It had been raining hard for the past three days. Silver sheets of rain fell from the gray skies, clattering on the tin roof, creating brown puddles in pocked roads, forming rivulets in the earth, making the soil a mixture of brown and black paste. Torrential winds occasionally accompanied this rainfall, swaying the branches, sometimes slashing them from trunks. The leaves, laden with water, didn’t rustle, but seemed to cling to one another like shirt to a human skin, like a possessive lover locking his loved one in a stifling embrace. Or so I had imagined these things, for I did not really see this spectacle of nature, being too busy—using a basin, a pail, or a dipper—collecting rainwater leaking through ceiling cracks.
Nature displayed her powers to me just as how she did to the rest of the drenched city. I had been running to and fro inside the house, looking up, listening for the steady thud of what I imagined to be rain seeping through a hole in the roof, dripping to the plywood ceiling, which used to be whitewashed but is now blotched with brown stains, and looking for a crack through which water might be getting in. And I found one in my room; it had already formed quite a puddle on the floor, just a few centimetres from my bookshelf. I nearly fainted upon seeing how close the rainwater had soaked my precious collection of books gathered over the years from second-hand bookstores and from those that sold ones that were wrapped in clear plastic. After placing a rag on the puddle and a basin beneath the crack, I could not be complacent. I traced the ceiling cracks, the furrows between sheets of plywood, inspected the rusted nails, and saw, to my horror, water collecting around the bulb socket. The fluorescent bulb had been flickering, and I didn’t notice it right away. Rust-stained droplets had trickled from around the corner of the socket and gathered at the tip of the capsule-shaped bulb. But the water wasn’t as profuse as the one near the shelf. Nonetheless, it was where water shouldn’t be. I checked the ceiling above my desk on which I placed my laptop, and sighed upon finding its surface smooth. An impasse was what I needed, but our decrepit house, made of cheap materials, left to its own devices by the landlady, streamlined every flow of rainwater that got in through the roof. How I cursed at the cats for walking and scratching and running on it on clear nights! How I hate the children who had gone up to it to get the shuttlecock that was slammed too hard with their rackets! How I hate the teenage boys who, in their delirious state of playing and being avid for the win, had thrown a basketball on the sheets of corrugated tin, making an explosive clank that jerked me up from sleep! But I could only shake my fist at the cracks, at the wet stain in the ceiling, and at nature for tugging my heart from its chest and squeezing it in her hand. I knew I wouldn’t have reacted that way, wouldn’t have panicked at the sight of water getting in to the house (If I may add: it was way better than having flood), had it not been for the possessions I regard so dearly. Rain dripping through ceiling cracks reminds me of poverty; it also reminds me that I must be ashamed for having possessed all these things: the books and the laptop, that not a very long time ago, I had nothing and was merely clinging to a hope of one day extricating myself from poverty.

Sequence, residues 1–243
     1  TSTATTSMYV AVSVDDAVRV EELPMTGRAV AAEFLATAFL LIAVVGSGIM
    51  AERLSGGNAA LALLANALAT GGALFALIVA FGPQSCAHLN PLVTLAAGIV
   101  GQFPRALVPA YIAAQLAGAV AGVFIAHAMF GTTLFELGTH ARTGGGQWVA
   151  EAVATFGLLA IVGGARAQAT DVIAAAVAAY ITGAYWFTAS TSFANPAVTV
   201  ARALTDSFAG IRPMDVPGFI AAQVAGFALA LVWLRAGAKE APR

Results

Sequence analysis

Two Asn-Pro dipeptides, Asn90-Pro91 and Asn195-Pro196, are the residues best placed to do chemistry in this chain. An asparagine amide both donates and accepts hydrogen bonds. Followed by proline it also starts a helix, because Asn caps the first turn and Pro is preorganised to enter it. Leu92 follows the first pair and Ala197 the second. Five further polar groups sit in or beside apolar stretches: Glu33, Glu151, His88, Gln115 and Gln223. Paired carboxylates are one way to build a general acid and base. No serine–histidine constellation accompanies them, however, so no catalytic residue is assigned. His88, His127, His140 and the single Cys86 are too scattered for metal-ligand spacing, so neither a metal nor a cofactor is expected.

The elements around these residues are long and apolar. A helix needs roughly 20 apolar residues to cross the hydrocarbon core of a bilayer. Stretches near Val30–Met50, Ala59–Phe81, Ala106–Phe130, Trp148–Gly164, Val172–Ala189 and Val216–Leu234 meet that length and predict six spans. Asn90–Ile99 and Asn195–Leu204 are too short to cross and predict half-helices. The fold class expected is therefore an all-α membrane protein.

Here I am now, sitting at my desk, filling blank pages with my literary aspirations, and wishing that life had turned out differently for me. Yes, with what little I had and how little has been added, I still wish for something better, a better house, perhaps, or a better state of being instead of a better state of living. My room is dark, for the light doesn’t come on anymore. The wires are grounded, I presume, considering that they have got wet. And I sit here, musing, trying to fit together the pieces of thoughts that seem strewn helter-skelter on the floor.
As I try to wonder what would become of me , strong winds outside begin to stir the leaves, and the rain starts clattering on the roof, and the steady thudding of water dripping on the ceiling commands me to stand up and search again for other wet patches, for other cracks. And I remember: I have run out of basins, pails and dippers.